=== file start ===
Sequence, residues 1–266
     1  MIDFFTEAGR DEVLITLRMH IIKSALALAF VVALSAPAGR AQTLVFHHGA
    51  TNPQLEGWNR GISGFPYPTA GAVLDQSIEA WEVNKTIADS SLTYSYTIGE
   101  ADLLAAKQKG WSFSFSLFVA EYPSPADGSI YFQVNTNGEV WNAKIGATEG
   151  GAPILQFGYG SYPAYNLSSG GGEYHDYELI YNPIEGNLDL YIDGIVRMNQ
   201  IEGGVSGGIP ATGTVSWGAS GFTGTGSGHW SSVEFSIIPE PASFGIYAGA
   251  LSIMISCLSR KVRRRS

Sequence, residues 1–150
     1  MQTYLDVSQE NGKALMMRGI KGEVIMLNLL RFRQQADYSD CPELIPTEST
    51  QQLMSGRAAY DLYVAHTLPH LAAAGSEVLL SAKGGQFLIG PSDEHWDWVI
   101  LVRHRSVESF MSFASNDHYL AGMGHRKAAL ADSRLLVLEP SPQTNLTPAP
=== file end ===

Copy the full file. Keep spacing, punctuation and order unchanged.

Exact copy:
Sequence, residues 1–266
     1  MIDFFTEAGR DEVLITLRMH IIKSALALAF VVALSAPAGR AQTLVFHHGA
    51  TNPQLEGWNR GISGFPYPTA GAVLDQSIEA WEVNKTIADS SLTYSYTIGE
   101  ADLLAAKQKG WSFSFSLFVA EYPSPADGSI YFQVNTNGEV WNAKIGATEG
   151  GAPILQFGYG SYPAYNLSSG GGEYHDYELI YNPIEGNLDL YIDGIVRMNQ
   201  IEGGVSGGIP ATGTVSWGAS GFTGTGSGHW SSVEFSIIPE PASFGIYAGA
   251  LSIMISCLSR KVRRRS

Sequence, residues 1–150
     1  MQTYLDVSQE NGKALMMRGI KGEVIMLNLL RFRQQADYSD CPELIPTEST
    51  QQLMSGRAAY DLYVAHTLPH LAAAGSEVLL SAKGGQFLIG PSDEHWDWVI
   101  LVRHRSVESF MSFASNDHYL AGMGHRKAAL ADSRLLVLEP SPQTNLTPAP